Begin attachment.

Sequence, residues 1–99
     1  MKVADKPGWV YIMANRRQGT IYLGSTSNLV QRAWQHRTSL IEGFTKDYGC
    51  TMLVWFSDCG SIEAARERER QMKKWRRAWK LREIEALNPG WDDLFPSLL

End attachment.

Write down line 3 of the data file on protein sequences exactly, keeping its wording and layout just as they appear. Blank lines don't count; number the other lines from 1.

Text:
    51  TMLVWFSDCG SIEAARERER QMKKWRRAWK LREIEALNPG WDDLFPSLL